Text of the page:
The Mystery of Death – Short Parsha Vort

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Parshat Chukat begins with the verse, “Zot chukat haTorah asher tzivah Hashem.” The Targum translates the words zot chukat as, “This is the divine dictum.” The Torah refers to the enigmatic chok of parah adumah (red heifer) which purifies those that are impure and defiles those that are pure.

Rav Soloveitchik notes that chukat doesn’t merely refer to the performance of a ritual, but to the mystery of death. We see this later in the parsha where it says “Zot haTorah adam ki yamut ba’ohel.” This is the law when a man dies. Death defiles. It removes the Divine image and only the body remains.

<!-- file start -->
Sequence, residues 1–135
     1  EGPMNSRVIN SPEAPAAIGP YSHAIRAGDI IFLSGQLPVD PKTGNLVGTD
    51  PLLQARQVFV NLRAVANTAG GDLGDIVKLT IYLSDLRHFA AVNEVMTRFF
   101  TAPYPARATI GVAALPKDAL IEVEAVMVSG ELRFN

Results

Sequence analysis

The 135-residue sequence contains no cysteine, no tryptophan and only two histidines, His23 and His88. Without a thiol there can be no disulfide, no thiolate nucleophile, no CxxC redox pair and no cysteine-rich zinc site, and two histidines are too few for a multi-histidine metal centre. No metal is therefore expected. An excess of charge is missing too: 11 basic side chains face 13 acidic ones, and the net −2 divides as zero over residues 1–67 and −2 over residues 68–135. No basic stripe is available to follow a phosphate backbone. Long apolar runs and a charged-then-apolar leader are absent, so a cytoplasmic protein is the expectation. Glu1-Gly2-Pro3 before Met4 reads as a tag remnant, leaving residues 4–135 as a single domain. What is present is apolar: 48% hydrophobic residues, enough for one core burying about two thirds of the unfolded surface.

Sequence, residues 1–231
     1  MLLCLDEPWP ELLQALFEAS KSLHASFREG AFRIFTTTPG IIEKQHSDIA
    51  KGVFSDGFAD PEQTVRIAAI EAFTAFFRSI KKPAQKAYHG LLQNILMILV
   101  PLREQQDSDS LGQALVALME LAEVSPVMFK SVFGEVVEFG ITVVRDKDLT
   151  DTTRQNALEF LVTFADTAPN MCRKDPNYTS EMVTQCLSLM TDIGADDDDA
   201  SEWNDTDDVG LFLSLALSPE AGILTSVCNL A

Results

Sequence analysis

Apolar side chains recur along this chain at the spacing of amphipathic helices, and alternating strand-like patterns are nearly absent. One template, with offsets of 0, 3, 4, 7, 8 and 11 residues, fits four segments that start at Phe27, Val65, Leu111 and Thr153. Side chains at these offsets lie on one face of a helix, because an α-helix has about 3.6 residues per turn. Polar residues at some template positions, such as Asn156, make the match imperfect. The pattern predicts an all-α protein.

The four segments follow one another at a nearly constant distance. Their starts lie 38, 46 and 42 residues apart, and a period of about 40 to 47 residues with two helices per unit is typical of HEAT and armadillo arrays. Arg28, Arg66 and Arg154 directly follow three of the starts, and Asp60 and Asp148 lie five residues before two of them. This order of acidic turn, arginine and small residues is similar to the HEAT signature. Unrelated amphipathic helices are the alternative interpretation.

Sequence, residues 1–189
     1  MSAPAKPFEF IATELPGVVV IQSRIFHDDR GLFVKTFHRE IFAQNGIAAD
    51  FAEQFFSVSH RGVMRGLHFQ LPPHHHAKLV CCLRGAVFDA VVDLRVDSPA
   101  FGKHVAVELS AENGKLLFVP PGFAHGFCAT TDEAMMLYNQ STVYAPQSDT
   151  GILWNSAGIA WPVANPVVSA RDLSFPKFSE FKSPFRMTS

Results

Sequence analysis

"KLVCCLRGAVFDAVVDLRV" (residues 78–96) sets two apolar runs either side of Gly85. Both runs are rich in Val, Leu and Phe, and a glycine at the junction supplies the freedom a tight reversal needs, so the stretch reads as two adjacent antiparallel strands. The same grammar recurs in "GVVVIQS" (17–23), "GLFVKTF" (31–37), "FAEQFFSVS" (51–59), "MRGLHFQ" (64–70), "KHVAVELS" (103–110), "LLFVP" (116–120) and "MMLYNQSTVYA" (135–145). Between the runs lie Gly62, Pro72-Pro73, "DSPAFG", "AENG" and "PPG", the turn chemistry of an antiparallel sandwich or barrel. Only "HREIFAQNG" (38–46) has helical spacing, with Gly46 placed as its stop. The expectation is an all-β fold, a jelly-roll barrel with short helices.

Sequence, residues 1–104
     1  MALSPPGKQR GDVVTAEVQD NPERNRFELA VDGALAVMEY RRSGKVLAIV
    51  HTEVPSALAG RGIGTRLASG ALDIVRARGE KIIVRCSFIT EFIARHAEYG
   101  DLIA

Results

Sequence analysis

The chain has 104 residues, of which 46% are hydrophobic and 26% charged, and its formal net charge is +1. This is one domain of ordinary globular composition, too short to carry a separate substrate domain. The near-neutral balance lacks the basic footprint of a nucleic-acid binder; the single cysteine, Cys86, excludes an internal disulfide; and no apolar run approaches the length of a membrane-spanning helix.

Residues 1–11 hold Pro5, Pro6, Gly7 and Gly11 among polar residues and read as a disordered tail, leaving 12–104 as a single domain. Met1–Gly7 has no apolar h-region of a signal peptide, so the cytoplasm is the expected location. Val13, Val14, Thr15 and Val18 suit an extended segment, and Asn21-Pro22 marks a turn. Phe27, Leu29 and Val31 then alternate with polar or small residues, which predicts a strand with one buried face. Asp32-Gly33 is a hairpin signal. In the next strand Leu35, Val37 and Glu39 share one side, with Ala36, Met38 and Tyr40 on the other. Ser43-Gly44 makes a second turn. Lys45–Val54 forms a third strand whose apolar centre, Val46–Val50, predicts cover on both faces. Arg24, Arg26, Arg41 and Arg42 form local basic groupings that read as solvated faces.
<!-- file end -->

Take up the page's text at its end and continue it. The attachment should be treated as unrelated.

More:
Tumat hamet (the impurity of death) is not included in the list of all the other forms of tumah (impurity) in the Torah because there’s a radical difference. While all the other forms of tumah are aesthetically jarring, tumat hamet is even more. It’s not simply the cessation of an organism Death is the departure of the soul from the physical body. Aesthetic ugliness can be washed away by prayer and immersion in the mikvah (ritual pool). But tumat hamet needs haza’ah, sprinkling of the ashes of the parah adumah.

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Posted by on Thursday, June 28th, 2012. Filed under Jewish Blogs. You can follow any responses to this entry through the RSS 2.0. Both comments and pings are currently closed.

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